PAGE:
Janette Turner Hospital
"Stories do insist on being told. Even the stories of hidden lives and towns and opal reefs.
"By cunning intention, and sometimes by discreet bribery (or other dispatch) of government surveyors, Outer Maroo has kept itself off maps.
"And yet people do stumble into town, because the seduction of nowhere is hard to resist. All of those who find the place are lost.
"Opal brings most of them. The word itself is like a charm. You can stroke a word like opal. You can taste it. You can swallow it whole, raw and silky, like an oyster, and then Oyster can reel you in.
"There is opal and then there is Oyster.
"Two strangers reach an opal mining town in outback Queensland, searching for a stepdaughter and a son who have mysteriously disappeared. There is a heavy, guilty feel to the hot, parched-dry town. Mercy Given and Old Jess (everyone calls her Old Silence) watch from Ma and Bill Beresford's store. On the verandah of Bernie's Last Chance, the drinkers wait to take stock of the foreigners, before they return to their cattle properties or their sheep stations or to their stake-outs in the opalfields. Dukke Prophet crosses the street from The Living Word Gospel Hall. Young Alice Godwin whimpers.
"Outer Maroo. Population 87. Here two opposing cultures - the rough-diamond, boozing, fiercely individualistic bush folk and the teetotaller, church-going fundamentalists - used to co-exist peaceably.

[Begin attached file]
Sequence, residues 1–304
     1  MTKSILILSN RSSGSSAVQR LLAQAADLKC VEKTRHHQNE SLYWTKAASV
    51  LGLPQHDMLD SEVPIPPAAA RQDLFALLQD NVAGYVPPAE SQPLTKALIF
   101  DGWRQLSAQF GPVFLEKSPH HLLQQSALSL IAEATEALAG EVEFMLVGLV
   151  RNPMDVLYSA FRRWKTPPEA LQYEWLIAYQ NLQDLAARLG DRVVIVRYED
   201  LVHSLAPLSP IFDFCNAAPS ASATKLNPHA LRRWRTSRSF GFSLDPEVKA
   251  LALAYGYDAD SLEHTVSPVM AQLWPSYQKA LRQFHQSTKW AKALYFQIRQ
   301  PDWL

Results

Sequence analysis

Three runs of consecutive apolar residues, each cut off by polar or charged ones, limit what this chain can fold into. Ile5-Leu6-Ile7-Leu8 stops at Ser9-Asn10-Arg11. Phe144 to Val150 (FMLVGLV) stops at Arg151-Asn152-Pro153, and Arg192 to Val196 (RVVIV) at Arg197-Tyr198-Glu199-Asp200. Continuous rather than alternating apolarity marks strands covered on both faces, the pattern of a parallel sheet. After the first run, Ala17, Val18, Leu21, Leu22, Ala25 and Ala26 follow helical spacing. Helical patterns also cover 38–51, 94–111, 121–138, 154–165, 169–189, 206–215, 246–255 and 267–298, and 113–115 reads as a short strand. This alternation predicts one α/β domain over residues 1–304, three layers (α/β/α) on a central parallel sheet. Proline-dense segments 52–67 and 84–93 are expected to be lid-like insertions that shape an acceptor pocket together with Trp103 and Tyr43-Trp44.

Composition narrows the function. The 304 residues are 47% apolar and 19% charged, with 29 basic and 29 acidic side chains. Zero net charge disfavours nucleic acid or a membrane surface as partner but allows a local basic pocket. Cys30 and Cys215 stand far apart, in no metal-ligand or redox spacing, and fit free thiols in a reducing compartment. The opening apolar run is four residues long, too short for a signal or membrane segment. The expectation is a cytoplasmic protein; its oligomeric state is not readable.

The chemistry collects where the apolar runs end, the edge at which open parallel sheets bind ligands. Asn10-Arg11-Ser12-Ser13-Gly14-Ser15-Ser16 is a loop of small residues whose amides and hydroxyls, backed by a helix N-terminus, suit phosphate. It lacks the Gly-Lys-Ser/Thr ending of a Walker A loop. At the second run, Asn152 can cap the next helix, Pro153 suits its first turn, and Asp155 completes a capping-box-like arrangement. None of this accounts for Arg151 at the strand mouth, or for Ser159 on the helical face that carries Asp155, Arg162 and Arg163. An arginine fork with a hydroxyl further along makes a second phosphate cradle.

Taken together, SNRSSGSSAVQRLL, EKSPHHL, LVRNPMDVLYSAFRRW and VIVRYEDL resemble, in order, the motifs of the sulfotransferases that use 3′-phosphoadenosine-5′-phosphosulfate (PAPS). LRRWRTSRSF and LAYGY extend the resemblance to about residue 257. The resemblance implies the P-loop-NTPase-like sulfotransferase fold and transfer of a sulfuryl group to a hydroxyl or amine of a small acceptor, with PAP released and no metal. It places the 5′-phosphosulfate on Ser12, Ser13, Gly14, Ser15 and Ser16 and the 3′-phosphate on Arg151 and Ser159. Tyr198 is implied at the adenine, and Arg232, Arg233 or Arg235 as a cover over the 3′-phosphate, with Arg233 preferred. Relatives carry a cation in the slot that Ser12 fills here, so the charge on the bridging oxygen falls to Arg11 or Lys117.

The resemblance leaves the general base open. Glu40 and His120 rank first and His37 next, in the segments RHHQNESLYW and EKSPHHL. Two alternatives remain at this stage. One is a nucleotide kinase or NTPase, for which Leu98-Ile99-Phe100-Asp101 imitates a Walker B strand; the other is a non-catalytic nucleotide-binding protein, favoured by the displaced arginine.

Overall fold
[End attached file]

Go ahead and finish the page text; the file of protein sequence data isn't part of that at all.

"Until the arrival of the cult messiah Oyster.
"Janette Turner Hospital has never been stronger, more sensuous or more dangerous than in this magnificent novel."
If rain had come, things might have turned out differently, that is what I think now; but there were children in Outer Maroo who had never seen rain. We prayed. We cursed. We studied the hot empty sky and imagined clouds. We waited. We waited for something to happen, for anything to happen, we were avid for some event to unfold itself out of the burning nothing to save us. We were waiting, as the desperate do, for a miracle.
Unfortunately, we got it.
Then, within the space of a few months, there were more transients than there were locals, and the imbalance seemed morally wrong. There were too many foreigners in Outer Maroo.
There was also, and still, the drought. More than that, perhaps the worst thing. was a sort of mephitic fog, moistureless and invisible, that came and went like an exhalation of the arid earth itself. We gave it a name. We thought, I suppose, in some primitive way, that if we mocked it, it might decamp and leave us alone. Old Fuckatoo, we called it.
From the Knopf hardback edition, 1996.
This novel was shortlisted for the 1997 Miles Franklin Award.
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Last modified: January 26, 2006.